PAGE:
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baldr



Joined: 19 Mar 2008
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baldr
DOS386,

If you have loaded (in PM) flat descriptors for DS, ES, FS and GS, then (in RM) load selector to (e.g.) DS, flat descriptors for ES, FS and GS are still in effect.
Post 18 Jan 2009, 11:36
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DOS386



Joined: 08 Dec 2006
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DOS386
> to (e.g.) DS, flat descriptors for ES, FS and GS are still in effect.

Right ... loading one segment register in RM destroys the higher limit in the one only ... and it can't be recovered anymore in RM.
Post 18 Jan 2009, 13:31
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baldr



Joined: 19 Mar 2008
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baldr
DOS386,

That's exactly what I've meant by "more and more real". Wink
Post 18 Jan 2009, 17:33
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neville



Joined: 13 Jul 2008
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neville
baldr wrote:
DOS386,

That's exactly what I've meant by "more and more real". Wink

Do you actually have experience of this? Because in my experience it is not the case. For example in FAMOS I setup "Flat Real Mode" once only at boot time, set 32-bit limits etc and then never touch them again.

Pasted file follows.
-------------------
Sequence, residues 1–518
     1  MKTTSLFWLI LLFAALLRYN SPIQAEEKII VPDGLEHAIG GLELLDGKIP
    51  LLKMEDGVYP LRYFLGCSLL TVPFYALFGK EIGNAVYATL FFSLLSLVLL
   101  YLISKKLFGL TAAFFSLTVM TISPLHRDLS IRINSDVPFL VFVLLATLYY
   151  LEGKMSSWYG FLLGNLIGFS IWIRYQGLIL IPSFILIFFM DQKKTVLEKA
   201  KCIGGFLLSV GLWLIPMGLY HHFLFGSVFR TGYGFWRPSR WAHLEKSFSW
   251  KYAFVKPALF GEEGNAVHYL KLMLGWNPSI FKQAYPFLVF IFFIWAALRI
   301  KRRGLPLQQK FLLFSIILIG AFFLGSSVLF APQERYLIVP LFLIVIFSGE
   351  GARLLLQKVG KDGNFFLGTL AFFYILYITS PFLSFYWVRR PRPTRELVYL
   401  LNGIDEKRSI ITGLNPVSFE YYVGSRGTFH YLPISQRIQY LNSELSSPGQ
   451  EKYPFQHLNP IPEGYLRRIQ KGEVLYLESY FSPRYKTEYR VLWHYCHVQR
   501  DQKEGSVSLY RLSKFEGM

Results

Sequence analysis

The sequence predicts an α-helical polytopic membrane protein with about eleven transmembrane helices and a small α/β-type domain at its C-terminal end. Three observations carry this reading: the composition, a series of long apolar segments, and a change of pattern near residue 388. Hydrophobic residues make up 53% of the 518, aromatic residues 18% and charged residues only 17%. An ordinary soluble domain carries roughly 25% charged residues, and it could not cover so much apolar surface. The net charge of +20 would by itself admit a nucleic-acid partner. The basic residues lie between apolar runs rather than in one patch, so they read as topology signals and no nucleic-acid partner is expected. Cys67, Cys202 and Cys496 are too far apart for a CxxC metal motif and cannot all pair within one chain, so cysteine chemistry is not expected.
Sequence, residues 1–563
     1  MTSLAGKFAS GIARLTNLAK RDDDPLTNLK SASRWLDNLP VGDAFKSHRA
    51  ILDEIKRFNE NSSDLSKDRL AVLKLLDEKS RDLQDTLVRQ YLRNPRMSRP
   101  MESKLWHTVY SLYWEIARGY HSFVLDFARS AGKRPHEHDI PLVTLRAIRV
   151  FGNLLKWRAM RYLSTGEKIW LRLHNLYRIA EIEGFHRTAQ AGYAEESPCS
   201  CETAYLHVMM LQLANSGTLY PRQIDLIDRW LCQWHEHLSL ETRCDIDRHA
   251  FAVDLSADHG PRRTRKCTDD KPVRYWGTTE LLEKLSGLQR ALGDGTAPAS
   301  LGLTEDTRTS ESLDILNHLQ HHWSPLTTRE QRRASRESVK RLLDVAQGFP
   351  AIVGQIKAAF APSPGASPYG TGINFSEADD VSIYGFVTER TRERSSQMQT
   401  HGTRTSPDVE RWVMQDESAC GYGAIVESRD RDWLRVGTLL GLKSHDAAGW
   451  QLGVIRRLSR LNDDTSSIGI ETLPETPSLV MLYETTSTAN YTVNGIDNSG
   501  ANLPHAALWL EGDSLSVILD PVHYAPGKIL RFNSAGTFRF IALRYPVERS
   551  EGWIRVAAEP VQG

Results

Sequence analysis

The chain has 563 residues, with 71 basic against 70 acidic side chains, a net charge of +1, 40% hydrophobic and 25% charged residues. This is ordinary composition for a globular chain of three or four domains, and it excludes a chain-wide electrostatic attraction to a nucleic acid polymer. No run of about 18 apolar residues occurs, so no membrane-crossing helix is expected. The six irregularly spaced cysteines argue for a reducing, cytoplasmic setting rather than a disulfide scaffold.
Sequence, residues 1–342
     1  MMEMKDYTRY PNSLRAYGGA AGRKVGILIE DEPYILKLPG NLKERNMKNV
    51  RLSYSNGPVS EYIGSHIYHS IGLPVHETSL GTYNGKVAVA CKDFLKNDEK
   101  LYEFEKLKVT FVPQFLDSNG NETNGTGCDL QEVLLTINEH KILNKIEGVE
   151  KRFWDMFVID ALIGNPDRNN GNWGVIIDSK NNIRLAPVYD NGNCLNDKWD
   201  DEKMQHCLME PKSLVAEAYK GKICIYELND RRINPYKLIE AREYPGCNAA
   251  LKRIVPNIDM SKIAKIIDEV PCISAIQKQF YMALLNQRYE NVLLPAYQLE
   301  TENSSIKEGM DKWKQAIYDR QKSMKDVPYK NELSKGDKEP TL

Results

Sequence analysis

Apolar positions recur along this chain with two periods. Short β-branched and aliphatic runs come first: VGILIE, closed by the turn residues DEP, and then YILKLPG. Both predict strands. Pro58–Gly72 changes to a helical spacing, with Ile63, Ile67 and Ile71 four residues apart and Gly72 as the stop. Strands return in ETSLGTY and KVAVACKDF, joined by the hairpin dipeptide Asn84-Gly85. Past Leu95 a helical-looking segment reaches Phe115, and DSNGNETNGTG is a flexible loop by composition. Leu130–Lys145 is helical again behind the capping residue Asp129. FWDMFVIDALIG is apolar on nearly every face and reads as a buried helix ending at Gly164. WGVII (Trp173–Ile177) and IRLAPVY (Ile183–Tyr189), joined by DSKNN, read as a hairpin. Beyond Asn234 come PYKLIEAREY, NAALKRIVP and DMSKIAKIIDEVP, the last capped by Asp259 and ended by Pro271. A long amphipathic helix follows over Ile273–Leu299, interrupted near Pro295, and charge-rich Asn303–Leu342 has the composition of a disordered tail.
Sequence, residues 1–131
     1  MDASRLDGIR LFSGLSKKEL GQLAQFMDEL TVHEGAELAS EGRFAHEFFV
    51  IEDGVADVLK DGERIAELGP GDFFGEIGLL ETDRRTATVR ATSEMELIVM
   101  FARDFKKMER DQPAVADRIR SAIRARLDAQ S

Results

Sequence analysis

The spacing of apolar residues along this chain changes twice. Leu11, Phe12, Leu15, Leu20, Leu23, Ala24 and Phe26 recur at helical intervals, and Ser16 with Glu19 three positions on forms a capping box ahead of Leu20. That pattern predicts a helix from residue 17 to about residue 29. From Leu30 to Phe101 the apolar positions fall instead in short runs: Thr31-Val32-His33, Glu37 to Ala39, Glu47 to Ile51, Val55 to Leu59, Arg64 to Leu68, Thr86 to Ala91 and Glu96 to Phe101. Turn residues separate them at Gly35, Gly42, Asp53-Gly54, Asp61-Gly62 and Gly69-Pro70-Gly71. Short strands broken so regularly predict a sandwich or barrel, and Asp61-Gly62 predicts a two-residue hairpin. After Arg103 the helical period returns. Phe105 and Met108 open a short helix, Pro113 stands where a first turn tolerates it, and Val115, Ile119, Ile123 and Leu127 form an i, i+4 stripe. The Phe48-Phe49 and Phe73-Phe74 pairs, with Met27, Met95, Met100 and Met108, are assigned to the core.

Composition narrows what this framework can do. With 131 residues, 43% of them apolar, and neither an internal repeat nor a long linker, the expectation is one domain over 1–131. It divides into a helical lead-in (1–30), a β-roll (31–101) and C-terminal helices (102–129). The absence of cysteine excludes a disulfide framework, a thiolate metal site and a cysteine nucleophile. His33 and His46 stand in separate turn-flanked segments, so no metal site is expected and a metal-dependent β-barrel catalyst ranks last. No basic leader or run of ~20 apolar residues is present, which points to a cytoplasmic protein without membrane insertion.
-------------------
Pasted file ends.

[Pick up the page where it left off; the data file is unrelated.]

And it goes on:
FAMOS normally runs with (RM) DS=0000, but DS gets changed extensively by "Limited Legacy Programs" (de-DOS'd old DOS games etc in FAMOS). Then after the LLP has run, all FAMOS does is the simple 16-bit xor ax,ax / mov ds,ax and the 32-bit limits are still there. My debugging also shows that the 32-bit limits are also still in effect while the LLP's are running.

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Post 18 Jan 2009, 18:28
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revolution
When all else fails, read the source


Joined: 24 Aug 2004
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revolution
In real mode address calculation works similar to this:

<segment register>*16+<16bitAddress>+<hiddenSelectorOffset>

And each time the segment register is updated in RM the hidden selector part is not changed.